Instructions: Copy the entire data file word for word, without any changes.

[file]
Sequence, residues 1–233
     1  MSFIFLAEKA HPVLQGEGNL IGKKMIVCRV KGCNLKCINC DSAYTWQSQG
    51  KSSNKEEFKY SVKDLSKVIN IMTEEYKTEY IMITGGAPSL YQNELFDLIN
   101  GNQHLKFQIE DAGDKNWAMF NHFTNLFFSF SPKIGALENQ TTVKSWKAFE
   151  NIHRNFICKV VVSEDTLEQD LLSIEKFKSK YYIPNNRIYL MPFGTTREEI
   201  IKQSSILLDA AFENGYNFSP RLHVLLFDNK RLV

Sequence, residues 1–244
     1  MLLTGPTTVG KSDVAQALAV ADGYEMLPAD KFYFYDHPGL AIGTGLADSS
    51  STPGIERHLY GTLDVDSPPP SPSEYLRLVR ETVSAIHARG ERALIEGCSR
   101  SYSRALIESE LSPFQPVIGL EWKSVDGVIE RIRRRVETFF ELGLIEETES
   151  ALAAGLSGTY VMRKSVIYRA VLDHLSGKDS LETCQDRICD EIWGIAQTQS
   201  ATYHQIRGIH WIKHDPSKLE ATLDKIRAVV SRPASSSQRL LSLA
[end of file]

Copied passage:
Sequence, residues 1–233
     1  MSFIFLAEKA HPVLQGEGNL IGKKMIVCRV KGCNLKCINC DSAYTWQSQG
    51  KSSNKEEFKY SVKDLSKVIN IMTEEYKTEY IMITGGAPSL YQNELFDLIN
   101  GNQHLKFQIE DAGDKNWAMF NHFTNLFFSF SPKIGALENQ TTVKSWKAFE
   151  NIHRNFICKV VVSEDTLEQD LLSIEKFKSK YYIPNNRIYL MPFGTTREEI
   201  IKQSSILLDA AFENGYNFSP RLHVLLFDNK RLV

Sequence, residues 1–244
     1  MLLTGPTTVG KSDVAQALAV ADGYEMLPAD KFYFYDHPGL AIGTGLADSS
    51  STPGIERHLY GTLDVDSPPP SPSEYLRLVR ETVSAIHARG ERALIEGCSR
   101  SYSRALIESE LSPFQPVIGL EWKSVDGVIE RIRRRVETFF ELGLIEETES
   151  ALAAGLSGTY VMRKSVIYRA VLDHLSGKDS LETCQDRICD EIWGIAQTQS
   201  ATYHQIRGIH WIKHDPSKLE ATLDKIRAVV SRPASSSQRL LSLA